- At any moment in time, the CPU can be in only one mode, but it can switch modes due to external events (interrupts) or programmatically:-
- User mode: The only non-privileged mode.
- FIQ mode: A privileged mode that is entered whenever the processor accepts a fast interrupt request.
- IRQ mode: A privileged mode that is entered whenever the processor accepts an interrupt.
- Supervisor (svc) mode: A privileged mode entered whenever the CPU is reset or when an SVC instruction is executed.
- Abort mode: A privileged mode that is entered whenever a prefetch abort or data abort exception occurs.
- Undefined mode: A privileged mode that is entered whenever an undefined instruction exception occurs.
- System mode (ARMv4 and above): The only privileged mode that is not entered by an exception. It can only be entered by executing an instruction that explicitly writes to the mode bits of the Current Program Status Register (CPSR).
- Monitor mode (ARMv6 and ARMv7 Security Extensions, ARMv8 EL3): A monitor mode is introduced to support TrustZone extension in ARM cores.
- Hyp mode (ARMv7 Virtualization Extensions, ARMv8 EL2): A hypervisor mode that supports Popek and Goldberg virtualization requirements for the non-secure operation of the CPU.
- Thread mode (ARMv6-M, ARMv7-M, ARMv8-M): A mode which can be specified as either privileged or unprivileged, while whether Main Stack Pointer (MSP) or Process Stack Pointer (PSP) is used can also be specified in CONTROL register with privileged access.This mode is designed for user tasks in RTOS environment but it’s typically used in bare-metal for super-loop.
- Handler mode (ARMv6-M, ARMv7-M, ARMv8-M): A mode dedicated for exception handling (except the RESET which are handled in Thread mode). Handler mode always uses MSP and works in privileged level.
- The original (and subsequent) ARM implementation was hardwired without microcode, like the much simpler 8-bit 6502 processor used in prior Acorn microcomputers.
- The 32-bit ARM architecture (and the 64-bit architecture for the most part) includes the following RISC features:
- Load/store architecture.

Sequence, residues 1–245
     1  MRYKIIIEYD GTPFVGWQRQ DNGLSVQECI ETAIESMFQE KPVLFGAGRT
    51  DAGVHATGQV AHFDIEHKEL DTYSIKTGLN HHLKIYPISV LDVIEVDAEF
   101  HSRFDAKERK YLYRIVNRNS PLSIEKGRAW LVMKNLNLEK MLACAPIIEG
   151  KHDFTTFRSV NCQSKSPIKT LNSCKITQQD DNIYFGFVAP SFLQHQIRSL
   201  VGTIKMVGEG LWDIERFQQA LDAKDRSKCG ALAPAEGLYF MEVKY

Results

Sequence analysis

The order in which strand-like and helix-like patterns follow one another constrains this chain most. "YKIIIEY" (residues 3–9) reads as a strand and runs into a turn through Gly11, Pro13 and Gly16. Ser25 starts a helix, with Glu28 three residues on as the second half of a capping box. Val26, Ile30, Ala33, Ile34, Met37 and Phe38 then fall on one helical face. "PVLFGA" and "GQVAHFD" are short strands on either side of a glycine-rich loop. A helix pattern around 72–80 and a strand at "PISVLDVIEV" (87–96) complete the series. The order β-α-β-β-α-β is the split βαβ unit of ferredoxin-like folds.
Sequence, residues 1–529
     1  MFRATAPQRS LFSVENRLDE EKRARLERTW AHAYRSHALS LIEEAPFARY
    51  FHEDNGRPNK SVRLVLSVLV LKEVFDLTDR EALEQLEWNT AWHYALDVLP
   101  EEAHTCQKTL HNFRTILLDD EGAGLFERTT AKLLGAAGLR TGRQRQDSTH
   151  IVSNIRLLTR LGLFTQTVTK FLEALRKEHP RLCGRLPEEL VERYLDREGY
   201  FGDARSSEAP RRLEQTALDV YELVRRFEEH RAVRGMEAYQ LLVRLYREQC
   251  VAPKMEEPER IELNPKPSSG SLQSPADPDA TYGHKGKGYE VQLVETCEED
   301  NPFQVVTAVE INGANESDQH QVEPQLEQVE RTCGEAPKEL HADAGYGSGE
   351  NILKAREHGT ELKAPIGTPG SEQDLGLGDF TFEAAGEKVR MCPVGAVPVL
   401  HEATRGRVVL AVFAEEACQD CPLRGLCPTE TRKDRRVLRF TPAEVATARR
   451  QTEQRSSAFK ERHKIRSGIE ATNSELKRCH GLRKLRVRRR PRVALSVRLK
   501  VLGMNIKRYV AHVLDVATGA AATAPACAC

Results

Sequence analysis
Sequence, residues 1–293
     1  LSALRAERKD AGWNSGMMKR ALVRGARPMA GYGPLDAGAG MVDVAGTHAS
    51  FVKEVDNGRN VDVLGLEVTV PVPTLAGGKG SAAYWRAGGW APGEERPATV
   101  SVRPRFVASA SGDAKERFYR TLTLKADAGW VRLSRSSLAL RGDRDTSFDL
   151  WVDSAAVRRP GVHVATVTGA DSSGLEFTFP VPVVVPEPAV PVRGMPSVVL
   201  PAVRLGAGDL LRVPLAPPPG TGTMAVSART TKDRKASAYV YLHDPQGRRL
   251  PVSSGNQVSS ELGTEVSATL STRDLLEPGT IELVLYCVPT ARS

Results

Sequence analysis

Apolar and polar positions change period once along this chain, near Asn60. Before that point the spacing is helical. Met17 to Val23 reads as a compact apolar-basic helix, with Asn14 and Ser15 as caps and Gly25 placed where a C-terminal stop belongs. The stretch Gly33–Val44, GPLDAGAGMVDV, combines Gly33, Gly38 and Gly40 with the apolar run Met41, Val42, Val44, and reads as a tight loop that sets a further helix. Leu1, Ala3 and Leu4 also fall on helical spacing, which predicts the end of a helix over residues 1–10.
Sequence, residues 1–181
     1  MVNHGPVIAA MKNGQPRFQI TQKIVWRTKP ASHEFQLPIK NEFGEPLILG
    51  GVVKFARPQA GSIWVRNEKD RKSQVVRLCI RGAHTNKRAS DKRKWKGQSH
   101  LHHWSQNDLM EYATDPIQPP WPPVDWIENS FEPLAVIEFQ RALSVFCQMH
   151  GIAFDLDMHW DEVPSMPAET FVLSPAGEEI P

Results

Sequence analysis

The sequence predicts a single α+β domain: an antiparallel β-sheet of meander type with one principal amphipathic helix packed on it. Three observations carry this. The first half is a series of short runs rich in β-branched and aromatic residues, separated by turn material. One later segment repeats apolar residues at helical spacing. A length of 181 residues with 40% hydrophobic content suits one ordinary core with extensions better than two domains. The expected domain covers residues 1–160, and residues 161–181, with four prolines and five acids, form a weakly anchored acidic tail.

- No support for unaligned memory accesses in the original version of the architecture. ARMv6 and later, except some microcontroller versions, support unaligned accesses for half-word and single-word load/store instructions with some limitations, such as no guaranteed atomicity.
- Uniform 16× 32-bit register file (including the program counter, stack pointer and the link register).
- Fixed instruction width of 32 bits to ease decoding and pipelining, at the cost of decreased code density.
- Later, the Thumb instruction set added 16-bit instructions and increased code density.
- Mostly single clock-cycle execution.
To compensate for the simpler design, compared with processors like the Intel 80286 and Motorola 68020, some additional design features were used:
- Conditional execution of most instructions reduces branch overhead and compensates for the lack of a branch predictor
- Arithmetic instructions alter condition codes only when desired.
- 32-bit barrel shifter can be used without performance penalty with most arithmetic instructions and address calculations.
- Has powerful indexed addressing modes.
- A ink register supports fast leaf function calls.
- A simple, but fast, 2-priority-level interrupt subsystem has switched register banks.
Pipelines and other implementation issues:
- The ARM7 and earlier implementations have a three-stage pipeline; the stages being fetched, decode and execute.
- Higher-performance designs, such as the ARM9, have deeper pipelines.
- Cortex-A8 has thirteen stages.
- Additional implementation changes for higher performance include a faster adder and more extensive branch prediction logic.
The difference between the ARM7DI and ARM7DMI cores, for example, was an improved multiplier; hence the added “M”.
- ARM includes integer arithmetic operations for add, subtract, and multiply; some versions of the architecture also support divide operations.